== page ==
On Wed, Mar 20, 2019 at 6:08 PM Logan Gunthorpe <logang(a)deltatee.com> wrote:
On 2019-02-14 2:37 p.m., Brendan Higgins wrote:
> This patch set proposes KUnit, a lightweight unit testing and mocking
> framework for the Linux kernel.
I haven't followed the entire conversation but I saw the KUnit write-up
on LWN and ended up, as an exercise, giving it a try.
Awesome! Thanks for taking the time to try it out and to give me feedback!
I really like the idea of having a fast unit testing infrastructure in
the kernel. Occasionally, I write userspace tests for tricky functions
that I essentially write by copying the code over to a throw away C file
and exercise them as I need. I think it would be great to be able to
keep these tests around in a way that they can be run by anyone who
wants to touch the code.
I was just dealing with some functions that required some mocked up
tests so I thought I'd give KUnit a try. I found writing the code very
easy and the infrastructure I was testing was quite simple to mock out
However, I got a bit hung up by one issue: I was writing unit tests for
code in the NTB tree which itself depends on CONFIG_PCI which cannot be
enabled in UML (for what should be obvious reasons). I managed to work
around this because, as luck would have it, all the functions I cared
about testing were actually static inline functions in headers. So I
placed my test code in the kunit folder (so it would compile) and hacked
around a couple a of functions I didn't care about that would not be
A couple of points, as for needing CONFIG_PCI; my plan to deal with
that type of thing has been that we would add support for a KUnit/UML
version that is just for KUnit. It would mock out the necessary bits
to provide a fake hardware implementation for anything that might
depend on it. I wrote a prototype for mocking/faking MMIO that I
presented to the list here; it is not part of the current patchset
because we decided it would be best to focus on getting an MVP in, but
I plan on bringing it back up at some point. Anyway, what do you
generally think of this approach?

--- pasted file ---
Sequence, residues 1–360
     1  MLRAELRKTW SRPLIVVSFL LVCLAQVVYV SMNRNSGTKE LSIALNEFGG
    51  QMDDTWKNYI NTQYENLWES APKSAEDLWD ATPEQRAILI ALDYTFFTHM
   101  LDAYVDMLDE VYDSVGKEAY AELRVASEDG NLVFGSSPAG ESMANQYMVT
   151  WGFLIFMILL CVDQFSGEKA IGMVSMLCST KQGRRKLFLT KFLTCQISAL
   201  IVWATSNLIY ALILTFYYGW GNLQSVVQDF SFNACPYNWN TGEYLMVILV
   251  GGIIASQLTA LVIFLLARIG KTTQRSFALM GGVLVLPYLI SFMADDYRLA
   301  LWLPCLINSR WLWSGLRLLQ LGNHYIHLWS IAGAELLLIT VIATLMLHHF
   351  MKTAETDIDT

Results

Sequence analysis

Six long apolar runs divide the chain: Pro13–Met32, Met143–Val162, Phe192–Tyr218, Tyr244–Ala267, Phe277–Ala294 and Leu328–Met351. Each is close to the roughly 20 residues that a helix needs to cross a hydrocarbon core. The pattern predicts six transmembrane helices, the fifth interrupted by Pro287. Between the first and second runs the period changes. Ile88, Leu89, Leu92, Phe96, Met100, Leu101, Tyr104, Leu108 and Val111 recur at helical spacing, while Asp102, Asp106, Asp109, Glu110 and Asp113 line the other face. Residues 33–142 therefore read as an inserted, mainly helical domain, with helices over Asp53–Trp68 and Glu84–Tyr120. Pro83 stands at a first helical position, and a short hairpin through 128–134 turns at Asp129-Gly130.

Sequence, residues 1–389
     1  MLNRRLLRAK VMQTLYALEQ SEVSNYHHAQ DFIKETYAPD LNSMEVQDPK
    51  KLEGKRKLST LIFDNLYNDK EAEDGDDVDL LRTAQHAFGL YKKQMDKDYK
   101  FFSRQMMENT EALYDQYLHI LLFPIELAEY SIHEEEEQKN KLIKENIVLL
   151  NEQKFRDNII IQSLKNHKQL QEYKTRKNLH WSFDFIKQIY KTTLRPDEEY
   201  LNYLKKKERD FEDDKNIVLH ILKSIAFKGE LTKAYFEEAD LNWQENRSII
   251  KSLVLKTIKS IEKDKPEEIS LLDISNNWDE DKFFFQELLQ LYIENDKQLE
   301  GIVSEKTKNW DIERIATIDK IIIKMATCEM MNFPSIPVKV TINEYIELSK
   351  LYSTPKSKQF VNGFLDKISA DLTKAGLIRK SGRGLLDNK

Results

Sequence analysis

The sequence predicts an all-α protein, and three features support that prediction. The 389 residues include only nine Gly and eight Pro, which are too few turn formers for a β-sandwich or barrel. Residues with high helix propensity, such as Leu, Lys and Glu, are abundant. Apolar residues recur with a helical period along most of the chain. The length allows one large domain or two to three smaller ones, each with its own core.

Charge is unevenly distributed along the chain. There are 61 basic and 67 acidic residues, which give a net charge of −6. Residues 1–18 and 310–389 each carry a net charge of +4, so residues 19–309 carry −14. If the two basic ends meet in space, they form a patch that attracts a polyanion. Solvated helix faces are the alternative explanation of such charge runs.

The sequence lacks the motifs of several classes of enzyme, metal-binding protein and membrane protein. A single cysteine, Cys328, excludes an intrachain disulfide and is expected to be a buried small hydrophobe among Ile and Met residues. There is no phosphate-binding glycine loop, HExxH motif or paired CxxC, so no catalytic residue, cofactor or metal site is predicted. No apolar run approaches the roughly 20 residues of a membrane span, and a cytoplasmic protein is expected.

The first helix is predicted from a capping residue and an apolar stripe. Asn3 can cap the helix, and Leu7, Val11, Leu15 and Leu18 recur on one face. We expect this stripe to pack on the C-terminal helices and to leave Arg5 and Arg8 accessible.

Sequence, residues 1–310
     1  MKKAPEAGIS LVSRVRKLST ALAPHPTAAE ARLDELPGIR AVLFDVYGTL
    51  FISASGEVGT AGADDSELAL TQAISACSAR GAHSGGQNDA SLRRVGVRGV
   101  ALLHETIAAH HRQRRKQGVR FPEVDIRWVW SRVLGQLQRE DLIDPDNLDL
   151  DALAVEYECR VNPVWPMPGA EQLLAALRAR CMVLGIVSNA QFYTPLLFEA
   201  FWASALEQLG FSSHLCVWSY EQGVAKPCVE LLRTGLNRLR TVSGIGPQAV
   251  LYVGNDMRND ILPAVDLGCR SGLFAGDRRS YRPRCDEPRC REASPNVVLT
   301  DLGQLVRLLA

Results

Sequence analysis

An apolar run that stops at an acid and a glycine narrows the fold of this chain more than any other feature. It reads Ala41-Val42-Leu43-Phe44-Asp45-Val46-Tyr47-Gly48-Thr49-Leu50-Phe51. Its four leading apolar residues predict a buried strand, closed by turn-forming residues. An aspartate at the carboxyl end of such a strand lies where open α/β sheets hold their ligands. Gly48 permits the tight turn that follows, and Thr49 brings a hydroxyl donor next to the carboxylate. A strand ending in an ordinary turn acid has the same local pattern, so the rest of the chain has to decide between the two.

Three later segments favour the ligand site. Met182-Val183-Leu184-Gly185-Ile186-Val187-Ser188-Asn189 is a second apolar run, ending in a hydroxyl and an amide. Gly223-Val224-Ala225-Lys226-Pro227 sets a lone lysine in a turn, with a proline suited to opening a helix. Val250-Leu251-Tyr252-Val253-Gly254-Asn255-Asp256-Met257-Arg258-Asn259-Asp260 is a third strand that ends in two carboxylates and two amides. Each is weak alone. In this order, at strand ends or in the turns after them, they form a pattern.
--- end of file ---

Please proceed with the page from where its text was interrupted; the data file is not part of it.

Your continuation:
In the end I got it to work acceptably, but I get the impression that
Awesome, I looked at the code you posted and it doesn't look like you
have had too many troubles. One thing that stood out to me, why did
you need to put it in the kunit/ dir?
KUnit will not be usable for wide swaths of kernel code that
compiled in UML. Has there been any discussion or ideas on how to work
For the most part, I was planning on relying on mocking or faking the
hardware out as you have done. I have found this worked pretty well in
other instances. I know there are some edge cases for which even this
won't work like code in arch/; for that you *can* compile KUnit for
non-UML, but that is not really unit testing any more, but I included
it that as more of a last ditch effort, debugging aid, or to allow a
user to write integration tests (also very much because other people
asked me to do it ;-) ). So the main plan here is mocking and faking.
There has been some additional discussion here (see the replies);
this thread is more about the future of trying to pull out kernel
dependencies which I discussed further with Luis (off list) here
(in reality the discussion has been spread across a number of
different threads, but I think those are places you could at least get
context to jump in and talk about mocking and faking hardware and
Linux kernel resources).
In short, I think the idea is we are using UML as scaffolding and we
will gradually try to make it more independent by either reducing
dependencies on kernel resources (by providing high quality fakes) or
by somehow providing a better view of the dependencies so that you can
specify more directly what piece of code you need for your test. This
part is obviously very long term, but I think that's what we need to
do if we want to do really high quality unit testing, regardless of
whether we use KUnit or not. In anycase, right now, we are just
working on the basic tools to write *a* unit test for the kernel.
around this so it can be more generally useful? Or will this feature
restricted roughly to non-drivers and functions in headers that don't
have #ifdefs around them?
I hope not.
The #ifdef thing is something that I don't have a good answer for at
this time. Luis and I talked about it, but haven't come up with any
good ideas, sorry.
As for drivers, I found that testing drivers is quite doable. You can
see an example of a test I wrote for a i2c bus driver here. I know
the i2c subsystem is pretty simple, but the general principle should
If you're interested in seeing the unit tests I ended up writing you can
find the commits here.
I am looking forward to see what you think!